For centuries, skis were used in northern European countries to hunt and gather firewood in the winter. With long distances between small, isolated communities and harsh, snowy winters, skiing became important as a means of maintaining social contact. The word "ski" is a word that goes back to the Old Norse "skid," which meant "long piece of wood".
Norwegian army units were skiing for sport (and prizes) in the 18th century. Skiing for sport appeared in Norway in the mid-19th century; the first race on record is 1842. The famous Holmenkollen Ski Festival started in 1892, with the focus initially on the Nordic combined event. However, in 1901, a separate cross-country race was added to the festival.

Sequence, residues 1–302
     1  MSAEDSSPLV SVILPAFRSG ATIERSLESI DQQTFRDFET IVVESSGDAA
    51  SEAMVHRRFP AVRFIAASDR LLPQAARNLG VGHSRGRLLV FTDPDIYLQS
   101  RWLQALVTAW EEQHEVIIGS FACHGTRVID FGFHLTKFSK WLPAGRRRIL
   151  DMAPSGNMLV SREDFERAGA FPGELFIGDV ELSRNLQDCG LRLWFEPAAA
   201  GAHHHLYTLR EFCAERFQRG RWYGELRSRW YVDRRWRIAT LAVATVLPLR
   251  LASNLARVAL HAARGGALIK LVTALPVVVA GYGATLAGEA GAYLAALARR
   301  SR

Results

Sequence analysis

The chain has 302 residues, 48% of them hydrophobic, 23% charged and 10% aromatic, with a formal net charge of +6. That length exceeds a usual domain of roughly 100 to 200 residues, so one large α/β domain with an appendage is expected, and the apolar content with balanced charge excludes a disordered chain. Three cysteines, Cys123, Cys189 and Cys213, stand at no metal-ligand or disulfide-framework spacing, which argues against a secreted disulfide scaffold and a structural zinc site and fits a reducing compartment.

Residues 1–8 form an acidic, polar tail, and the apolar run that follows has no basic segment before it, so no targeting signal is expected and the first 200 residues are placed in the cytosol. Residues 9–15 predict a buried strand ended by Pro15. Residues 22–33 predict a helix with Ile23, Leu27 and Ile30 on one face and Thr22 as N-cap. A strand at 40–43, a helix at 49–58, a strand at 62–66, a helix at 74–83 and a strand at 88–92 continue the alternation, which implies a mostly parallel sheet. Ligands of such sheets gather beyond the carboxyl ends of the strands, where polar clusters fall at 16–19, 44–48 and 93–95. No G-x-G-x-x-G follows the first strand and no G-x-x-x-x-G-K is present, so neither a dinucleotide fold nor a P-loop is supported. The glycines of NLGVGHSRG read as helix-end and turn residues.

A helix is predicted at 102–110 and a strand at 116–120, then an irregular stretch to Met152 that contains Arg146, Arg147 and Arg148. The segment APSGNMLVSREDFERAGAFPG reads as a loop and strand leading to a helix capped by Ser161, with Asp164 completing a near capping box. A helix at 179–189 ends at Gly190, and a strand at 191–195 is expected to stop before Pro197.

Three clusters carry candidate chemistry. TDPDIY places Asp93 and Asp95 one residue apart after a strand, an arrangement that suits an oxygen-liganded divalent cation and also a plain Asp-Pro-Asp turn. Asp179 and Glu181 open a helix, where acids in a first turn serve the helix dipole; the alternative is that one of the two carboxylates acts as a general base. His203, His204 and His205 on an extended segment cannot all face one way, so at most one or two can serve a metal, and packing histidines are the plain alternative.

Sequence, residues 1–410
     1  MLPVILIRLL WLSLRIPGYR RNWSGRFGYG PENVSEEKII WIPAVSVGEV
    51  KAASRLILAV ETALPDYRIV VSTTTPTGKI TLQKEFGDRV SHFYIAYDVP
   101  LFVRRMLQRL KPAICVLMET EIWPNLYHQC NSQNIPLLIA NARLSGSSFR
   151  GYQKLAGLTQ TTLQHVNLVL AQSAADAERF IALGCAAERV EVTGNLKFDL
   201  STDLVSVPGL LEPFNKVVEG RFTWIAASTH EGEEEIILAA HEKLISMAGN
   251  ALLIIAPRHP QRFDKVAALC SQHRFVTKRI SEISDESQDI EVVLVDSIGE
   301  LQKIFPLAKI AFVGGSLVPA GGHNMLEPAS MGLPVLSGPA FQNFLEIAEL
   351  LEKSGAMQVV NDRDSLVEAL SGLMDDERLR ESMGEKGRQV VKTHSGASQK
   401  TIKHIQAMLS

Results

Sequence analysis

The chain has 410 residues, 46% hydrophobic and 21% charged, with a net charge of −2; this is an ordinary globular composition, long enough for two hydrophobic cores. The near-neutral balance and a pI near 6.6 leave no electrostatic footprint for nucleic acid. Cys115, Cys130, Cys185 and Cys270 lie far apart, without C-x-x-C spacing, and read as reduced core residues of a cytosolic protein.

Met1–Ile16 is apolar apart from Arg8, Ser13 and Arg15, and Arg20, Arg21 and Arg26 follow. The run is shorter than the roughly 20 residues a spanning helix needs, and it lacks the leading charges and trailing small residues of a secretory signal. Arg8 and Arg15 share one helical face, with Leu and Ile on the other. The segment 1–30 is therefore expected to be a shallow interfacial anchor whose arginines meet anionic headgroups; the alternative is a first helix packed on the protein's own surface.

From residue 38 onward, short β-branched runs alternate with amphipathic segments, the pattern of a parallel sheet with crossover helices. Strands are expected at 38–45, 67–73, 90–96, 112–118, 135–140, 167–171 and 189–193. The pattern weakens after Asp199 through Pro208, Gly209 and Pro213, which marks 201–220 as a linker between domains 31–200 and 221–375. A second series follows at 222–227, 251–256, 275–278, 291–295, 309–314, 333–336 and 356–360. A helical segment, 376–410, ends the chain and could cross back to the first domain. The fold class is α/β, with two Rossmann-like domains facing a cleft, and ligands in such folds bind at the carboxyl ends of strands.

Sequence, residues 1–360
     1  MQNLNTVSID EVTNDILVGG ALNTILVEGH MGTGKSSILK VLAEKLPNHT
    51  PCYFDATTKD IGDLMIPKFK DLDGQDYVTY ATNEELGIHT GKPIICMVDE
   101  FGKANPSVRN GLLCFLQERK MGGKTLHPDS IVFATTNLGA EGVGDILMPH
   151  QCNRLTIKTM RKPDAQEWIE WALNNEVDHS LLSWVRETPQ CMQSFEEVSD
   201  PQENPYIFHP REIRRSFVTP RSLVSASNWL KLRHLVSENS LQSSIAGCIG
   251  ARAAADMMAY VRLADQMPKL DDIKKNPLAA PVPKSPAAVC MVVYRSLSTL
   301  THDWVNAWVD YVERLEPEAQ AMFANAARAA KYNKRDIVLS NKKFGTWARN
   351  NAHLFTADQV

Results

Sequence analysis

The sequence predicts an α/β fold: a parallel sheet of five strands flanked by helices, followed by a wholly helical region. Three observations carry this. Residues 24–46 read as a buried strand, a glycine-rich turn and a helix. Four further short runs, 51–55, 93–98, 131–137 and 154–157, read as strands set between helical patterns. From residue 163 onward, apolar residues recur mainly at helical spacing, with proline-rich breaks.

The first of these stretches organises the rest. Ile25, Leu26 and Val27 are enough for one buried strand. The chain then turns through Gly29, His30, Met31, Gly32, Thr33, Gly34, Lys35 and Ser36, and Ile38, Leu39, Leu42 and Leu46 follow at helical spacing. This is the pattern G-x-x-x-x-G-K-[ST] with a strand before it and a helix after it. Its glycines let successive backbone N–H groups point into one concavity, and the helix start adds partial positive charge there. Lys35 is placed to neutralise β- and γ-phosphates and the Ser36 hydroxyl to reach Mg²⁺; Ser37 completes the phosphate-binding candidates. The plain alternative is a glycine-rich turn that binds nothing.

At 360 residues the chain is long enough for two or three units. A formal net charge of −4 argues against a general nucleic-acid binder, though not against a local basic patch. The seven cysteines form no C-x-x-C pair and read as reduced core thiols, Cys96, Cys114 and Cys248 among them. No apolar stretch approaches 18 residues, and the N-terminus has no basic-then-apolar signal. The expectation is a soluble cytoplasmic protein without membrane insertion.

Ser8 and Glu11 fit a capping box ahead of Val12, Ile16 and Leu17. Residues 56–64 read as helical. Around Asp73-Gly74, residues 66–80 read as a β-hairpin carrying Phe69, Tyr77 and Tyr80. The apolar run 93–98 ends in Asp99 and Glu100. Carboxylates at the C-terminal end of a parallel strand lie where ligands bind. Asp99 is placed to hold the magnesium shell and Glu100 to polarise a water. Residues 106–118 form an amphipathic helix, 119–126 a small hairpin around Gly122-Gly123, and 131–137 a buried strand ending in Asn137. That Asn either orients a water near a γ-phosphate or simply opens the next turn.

The men’s event debuted at the first Winter Olympic Games in Chamonix in 1924. The women’s event debuted at the 1952 Oslo Games. The Nordic countries have traditionally dominated the sport.
There are 12 different cross-country races: Women compete in a sprint, team sprint, 10 km individual start, 15 km pursuit, 30 km mass start, and a 4 x 5 km relay. Men compete in a sprint, team sprint, 15 km individual start, 30 km pursuit, 50 km mass start, and a 4 x 10 km relay.